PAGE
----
Joylynn Hardesty
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Thanks for the link. I do already make some tinctures, teas etc. In this case I was referring to your infusion recommendation.
 
dawn shears
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Joylynn Hardesty wrote:Thanks for the link. I do already make some tinctures, teas etc. In this case I was referring to your infusion recommendation.


Yes, use more if it's fresh matter.

You can't really do anything wrong with the herbs you are talking about using.  All pretty safe.
 
Marvin Warren
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Hey Joylynn,

There are some great responses here from the 'not-herbalists' - the wonderful kitchen-witches I so appreciate. I'd consider myself somewhere in the 'journeyman' stage of herbalist at this point, with some serious study and a few months of clinical practice under my belt. What follows is off-the-cuff, and if you were my patient I'd want to ask questions like: What medicines will the surgeon be prescribing for pain/inflammation post-op? What's his history with this injury? How tolerant is he of nasty-tasting things? Can he have alcohol tinctures? Without any of those answers, here's my tuppence:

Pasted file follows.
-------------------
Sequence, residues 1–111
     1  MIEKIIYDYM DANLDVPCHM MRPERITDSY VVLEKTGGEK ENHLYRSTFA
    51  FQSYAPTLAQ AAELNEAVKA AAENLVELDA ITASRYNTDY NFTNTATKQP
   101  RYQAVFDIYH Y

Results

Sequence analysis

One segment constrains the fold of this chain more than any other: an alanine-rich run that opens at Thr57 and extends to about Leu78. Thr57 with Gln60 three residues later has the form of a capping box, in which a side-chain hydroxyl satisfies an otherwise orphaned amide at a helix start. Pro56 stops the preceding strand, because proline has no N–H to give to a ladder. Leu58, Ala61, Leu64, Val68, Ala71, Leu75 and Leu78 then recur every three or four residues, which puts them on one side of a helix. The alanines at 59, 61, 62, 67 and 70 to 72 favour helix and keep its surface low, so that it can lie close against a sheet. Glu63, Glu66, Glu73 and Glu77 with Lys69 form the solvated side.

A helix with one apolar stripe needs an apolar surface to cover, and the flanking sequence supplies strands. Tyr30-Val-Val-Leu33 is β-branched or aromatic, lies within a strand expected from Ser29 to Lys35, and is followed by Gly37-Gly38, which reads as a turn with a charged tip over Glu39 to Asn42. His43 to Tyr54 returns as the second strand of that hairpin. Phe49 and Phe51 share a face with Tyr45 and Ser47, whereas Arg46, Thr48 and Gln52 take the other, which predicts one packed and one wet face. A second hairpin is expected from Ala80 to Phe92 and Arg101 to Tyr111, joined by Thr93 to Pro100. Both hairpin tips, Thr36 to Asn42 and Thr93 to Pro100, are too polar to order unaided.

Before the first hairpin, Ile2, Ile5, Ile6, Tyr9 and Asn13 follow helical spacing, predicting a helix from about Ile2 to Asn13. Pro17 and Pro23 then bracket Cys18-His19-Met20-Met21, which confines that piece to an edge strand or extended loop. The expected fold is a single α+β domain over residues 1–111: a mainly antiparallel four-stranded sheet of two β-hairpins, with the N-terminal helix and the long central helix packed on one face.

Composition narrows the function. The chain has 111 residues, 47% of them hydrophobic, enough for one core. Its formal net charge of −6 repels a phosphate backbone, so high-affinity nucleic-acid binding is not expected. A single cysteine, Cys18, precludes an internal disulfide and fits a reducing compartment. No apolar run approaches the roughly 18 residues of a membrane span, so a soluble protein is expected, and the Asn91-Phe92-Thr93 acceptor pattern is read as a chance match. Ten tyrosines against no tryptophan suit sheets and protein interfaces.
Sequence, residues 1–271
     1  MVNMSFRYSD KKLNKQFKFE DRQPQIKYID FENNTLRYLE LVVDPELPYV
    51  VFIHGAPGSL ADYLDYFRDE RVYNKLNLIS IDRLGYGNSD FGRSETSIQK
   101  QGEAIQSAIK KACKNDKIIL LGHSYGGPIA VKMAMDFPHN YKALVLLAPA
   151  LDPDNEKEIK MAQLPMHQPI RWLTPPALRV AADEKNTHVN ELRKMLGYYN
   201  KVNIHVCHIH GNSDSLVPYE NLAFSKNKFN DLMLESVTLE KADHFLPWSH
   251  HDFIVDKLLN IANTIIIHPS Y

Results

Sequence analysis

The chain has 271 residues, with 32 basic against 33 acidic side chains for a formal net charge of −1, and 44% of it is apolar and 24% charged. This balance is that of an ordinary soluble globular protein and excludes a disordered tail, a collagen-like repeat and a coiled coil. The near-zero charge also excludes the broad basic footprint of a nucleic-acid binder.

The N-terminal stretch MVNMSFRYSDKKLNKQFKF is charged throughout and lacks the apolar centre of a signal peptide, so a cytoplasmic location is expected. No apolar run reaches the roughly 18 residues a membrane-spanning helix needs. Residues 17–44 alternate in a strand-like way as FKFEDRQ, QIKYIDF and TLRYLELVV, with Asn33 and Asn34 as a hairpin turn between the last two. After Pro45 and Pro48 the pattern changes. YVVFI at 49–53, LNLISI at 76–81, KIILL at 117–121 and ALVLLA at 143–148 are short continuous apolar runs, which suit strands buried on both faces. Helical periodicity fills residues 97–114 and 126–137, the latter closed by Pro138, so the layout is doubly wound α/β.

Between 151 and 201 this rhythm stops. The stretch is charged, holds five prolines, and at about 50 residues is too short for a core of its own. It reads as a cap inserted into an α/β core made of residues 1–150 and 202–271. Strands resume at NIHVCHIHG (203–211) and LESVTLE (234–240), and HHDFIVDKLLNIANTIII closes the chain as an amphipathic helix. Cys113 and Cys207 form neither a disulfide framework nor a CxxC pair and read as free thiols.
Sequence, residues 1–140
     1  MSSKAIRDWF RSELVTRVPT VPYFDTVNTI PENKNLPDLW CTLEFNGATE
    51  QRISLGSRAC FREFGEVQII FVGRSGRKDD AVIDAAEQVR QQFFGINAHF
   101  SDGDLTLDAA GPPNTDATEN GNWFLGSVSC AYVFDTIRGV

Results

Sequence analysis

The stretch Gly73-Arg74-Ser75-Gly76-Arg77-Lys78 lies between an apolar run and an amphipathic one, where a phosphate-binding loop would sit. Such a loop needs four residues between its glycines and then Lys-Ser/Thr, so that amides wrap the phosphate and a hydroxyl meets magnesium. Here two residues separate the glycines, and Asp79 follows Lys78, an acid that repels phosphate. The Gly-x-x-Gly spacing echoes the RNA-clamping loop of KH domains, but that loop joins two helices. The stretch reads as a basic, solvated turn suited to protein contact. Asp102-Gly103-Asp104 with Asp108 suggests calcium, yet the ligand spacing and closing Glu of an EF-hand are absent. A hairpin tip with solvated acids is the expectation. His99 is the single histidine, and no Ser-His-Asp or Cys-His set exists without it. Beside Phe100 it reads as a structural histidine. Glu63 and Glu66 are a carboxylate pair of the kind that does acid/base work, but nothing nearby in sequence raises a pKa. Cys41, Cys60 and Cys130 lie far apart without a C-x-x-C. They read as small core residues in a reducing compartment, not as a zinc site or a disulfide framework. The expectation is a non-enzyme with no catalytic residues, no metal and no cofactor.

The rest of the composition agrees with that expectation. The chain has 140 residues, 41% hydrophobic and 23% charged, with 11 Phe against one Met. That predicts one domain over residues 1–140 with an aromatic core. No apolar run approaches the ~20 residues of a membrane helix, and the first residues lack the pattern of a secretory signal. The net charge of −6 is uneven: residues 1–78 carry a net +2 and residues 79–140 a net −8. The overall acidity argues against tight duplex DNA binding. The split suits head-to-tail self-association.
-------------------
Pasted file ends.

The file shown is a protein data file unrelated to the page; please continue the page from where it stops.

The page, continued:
Comfrey: As someone said, root externally, leaves internally. I'd add: only Symphytum officinale; other species have different, less well-studied allantoin and pyrrolizidine alkaloids contents. Traditionally the leaves are only eaten in the spring, so I'd recommend limiting length of consumption time, maybe 6 six weeks.